Duvall - 3.5(Duvall is good here, although purposefully one note I would say. He certain has the fierceness to be Jesse James and he plays him an interesting way. He essentially shows him to be a man who's almost always promoting his self image, always seeming to force himself into the image of the larger than life bandit. I actually think the film should have focused a little more on the dynamic between his and Cliff Robertson's character. Duvall does well with what he does have though)

Louis Morgan said...

Roberts - 3.5(Roberts does the same thing he usually does as Woody Allen's support, that being a sardonic straight man. He does that well as usual. Here he's given a tad more to do in his character becomes slightly emotional later on, which he handles well too)

Bertheau - 3.5(Carries himself believably as the kind and noble priest for his early scenes which makes it all the more effective when he suddenly becomes a vengeful rather petty murderer so suddenly later on)

Albertson - 3(He's mostly overshadowed by Winters for most of the film. He delivers as he should though when he is given the spotlight and is rather moving in the moment where he sees her after the underwater scene)

Douglas - 3(He actually does not have too much to do here other than a few purposefully shallow moments as the "loving" father towards Redford. He's good in his few scenes doing the false politician rather well, and actually is another example of someone who probably should have played Don Porter's role)

Marley - 3(He does well in his one major scene being the overly pompous jerk he should be, then his flawless reaction is rather essential to one of the most famous scenes in the film)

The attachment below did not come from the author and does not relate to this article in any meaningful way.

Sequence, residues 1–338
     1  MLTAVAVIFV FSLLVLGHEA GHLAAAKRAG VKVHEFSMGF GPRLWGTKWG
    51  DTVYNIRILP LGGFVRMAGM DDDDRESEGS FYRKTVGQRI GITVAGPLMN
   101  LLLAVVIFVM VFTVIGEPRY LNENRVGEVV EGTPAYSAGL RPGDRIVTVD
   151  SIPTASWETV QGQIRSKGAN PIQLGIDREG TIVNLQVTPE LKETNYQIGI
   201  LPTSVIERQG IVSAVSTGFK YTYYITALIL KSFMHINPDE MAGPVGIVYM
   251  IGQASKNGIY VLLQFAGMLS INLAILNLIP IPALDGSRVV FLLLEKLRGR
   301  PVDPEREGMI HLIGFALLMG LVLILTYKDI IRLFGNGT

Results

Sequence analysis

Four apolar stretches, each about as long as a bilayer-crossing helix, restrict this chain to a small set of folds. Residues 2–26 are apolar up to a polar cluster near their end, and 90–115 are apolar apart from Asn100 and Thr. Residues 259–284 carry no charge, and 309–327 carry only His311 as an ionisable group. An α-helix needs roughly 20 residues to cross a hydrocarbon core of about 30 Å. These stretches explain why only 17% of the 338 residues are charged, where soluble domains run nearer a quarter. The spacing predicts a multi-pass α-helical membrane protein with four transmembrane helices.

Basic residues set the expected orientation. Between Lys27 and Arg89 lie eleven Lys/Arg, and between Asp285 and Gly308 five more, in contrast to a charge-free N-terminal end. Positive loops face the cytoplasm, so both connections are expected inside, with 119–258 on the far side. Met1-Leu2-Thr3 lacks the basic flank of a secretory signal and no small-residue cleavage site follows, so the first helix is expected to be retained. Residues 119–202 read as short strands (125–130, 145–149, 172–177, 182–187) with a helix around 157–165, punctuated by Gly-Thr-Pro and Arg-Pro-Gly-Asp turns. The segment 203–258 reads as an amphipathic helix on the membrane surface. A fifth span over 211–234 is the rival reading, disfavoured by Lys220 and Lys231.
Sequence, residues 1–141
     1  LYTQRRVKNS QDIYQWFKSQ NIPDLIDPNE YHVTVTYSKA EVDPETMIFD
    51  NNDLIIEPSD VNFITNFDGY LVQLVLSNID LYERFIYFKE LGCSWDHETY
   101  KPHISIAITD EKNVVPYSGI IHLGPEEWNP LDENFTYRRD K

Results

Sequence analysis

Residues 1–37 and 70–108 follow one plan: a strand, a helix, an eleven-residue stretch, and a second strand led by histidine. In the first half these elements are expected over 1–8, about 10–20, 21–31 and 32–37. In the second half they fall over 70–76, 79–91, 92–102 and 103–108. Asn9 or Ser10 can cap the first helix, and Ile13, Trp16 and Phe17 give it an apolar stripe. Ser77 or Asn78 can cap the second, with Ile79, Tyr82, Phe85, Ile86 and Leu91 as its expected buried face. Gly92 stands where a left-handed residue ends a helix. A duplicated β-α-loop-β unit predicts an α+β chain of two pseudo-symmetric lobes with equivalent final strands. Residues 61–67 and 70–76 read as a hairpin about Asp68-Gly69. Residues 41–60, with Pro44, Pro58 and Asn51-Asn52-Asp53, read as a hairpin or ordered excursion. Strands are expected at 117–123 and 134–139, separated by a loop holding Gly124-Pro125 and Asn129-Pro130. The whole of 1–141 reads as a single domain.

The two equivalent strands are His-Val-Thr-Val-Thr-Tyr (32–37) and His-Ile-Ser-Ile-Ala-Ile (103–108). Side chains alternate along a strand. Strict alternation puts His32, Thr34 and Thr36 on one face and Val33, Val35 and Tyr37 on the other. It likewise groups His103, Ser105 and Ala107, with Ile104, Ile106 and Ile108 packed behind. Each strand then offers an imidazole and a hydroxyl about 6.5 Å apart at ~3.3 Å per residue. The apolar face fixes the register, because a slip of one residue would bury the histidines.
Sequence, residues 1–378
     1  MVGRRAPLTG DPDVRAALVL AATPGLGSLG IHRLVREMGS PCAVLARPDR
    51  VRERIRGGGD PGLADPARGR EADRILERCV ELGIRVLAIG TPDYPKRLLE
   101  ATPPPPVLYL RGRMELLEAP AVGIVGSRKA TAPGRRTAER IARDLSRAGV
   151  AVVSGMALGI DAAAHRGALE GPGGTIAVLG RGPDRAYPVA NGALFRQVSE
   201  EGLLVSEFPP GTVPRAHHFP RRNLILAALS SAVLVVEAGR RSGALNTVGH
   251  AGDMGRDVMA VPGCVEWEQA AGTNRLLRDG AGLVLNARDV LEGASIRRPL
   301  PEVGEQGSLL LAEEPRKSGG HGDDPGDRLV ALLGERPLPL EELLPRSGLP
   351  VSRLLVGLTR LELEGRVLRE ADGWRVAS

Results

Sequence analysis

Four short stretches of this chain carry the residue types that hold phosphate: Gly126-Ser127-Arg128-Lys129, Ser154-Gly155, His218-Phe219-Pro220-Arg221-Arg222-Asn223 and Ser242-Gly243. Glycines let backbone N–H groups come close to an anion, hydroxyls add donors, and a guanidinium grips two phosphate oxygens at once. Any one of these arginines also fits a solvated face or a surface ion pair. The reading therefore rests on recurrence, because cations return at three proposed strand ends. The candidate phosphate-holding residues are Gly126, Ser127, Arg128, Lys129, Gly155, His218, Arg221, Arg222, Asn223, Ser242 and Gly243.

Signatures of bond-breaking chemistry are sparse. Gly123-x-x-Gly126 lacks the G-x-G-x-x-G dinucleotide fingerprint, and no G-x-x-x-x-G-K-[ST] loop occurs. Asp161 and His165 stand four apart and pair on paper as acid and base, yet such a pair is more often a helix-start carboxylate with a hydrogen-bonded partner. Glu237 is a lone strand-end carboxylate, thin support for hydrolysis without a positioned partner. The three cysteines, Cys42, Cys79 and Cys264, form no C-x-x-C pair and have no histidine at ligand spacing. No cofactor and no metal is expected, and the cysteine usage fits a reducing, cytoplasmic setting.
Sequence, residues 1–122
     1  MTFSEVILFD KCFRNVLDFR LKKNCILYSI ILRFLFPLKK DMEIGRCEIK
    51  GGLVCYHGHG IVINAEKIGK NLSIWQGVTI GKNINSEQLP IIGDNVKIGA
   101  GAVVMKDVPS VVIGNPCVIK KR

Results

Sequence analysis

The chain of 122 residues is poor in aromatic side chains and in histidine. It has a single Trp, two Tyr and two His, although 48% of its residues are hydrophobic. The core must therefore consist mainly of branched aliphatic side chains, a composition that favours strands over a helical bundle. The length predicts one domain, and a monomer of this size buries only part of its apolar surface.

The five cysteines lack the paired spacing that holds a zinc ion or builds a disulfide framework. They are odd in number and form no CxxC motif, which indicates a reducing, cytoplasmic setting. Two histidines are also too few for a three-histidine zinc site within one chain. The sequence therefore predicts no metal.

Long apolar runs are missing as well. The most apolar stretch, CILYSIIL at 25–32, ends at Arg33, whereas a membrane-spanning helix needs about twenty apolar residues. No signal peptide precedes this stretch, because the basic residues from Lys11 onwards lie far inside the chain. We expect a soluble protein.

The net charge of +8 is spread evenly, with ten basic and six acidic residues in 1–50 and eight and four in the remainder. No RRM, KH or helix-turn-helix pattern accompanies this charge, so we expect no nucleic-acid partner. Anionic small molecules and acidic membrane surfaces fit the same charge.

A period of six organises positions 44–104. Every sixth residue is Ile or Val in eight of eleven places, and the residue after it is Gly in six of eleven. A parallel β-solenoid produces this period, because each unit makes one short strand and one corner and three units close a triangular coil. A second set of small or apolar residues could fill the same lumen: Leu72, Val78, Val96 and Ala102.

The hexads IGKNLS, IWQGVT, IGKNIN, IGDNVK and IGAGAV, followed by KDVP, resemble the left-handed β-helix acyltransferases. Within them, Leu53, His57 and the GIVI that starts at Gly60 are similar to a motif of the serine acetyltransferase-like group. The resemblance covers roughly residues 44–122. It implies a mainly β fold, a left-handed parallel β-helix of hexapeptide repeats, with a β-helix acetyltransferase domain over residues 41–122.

Keach - 3.5(He's an absolute hoot in his one scene playing the most boisterous gunfighter possible, and is really funny for the duration of his scene. Although there is a great punchline involving the brevity of his appearance I certainly would not have minded more of him in the film)

Beatty - 3.5(Beatty narration is just swell to say the least and he offers a nice bit of traditional support sort of support with his quietly heartfelt performance)

McDowall - 3(Not who I would first peg as a mustache twirling sort of villain. McDowall though offers enough fun with his madcap yet sinister antics. I do think there was perhaps even more to be mined out of the role, but McDowall still does decently enough with it)

Perkins - 3(He's nicely mysterious in his single scene although I don't think the film makes enough out of his appearance as it should, although this is not his fault. The film I do feel should have embraced the legendary elements more rather than presenting everything in too much of a rinky dink fashion)

Michael McCarthy said...

Hmmm 1929....Maurice Chevalier in Innocents of Paris? Douglas Fairbanks in The Iron Mask? Charles Farrell in a Frank Borzage film? Someone from Blackmail? These are really all just shots in the dark...

Also, there are a few films that Louis has reviewed performances from that I'm just dying to see, and I was wondering if anyone knew where I could watch any of them or might have better luck finding a link. They are:

The Mark (1961)
The Fixer (1968)
Seven Beauties (1975)
An Average Little Man (1977)
Mephisto (1981)
Beast Cops (1998)

I should also say that for the films that aren't in the English language I would MUCH prefer subtitles to dubs.

GM said...

The Mark and The Fixer are avaiable on veehd.com.

RatedRStar said...

Malcolm Keen - The Manxman
John Longden - Blackmail
Stan Laurel - Berth Marks
Oliver Hardy - Berth Marks
Walter Huston - The Lady Lies

luke higham said...

Louis: Are there any other female 4.5+ performances from 1972 that you saw recently.

Louis Morgan said...

Only Bancroft in Young Winston.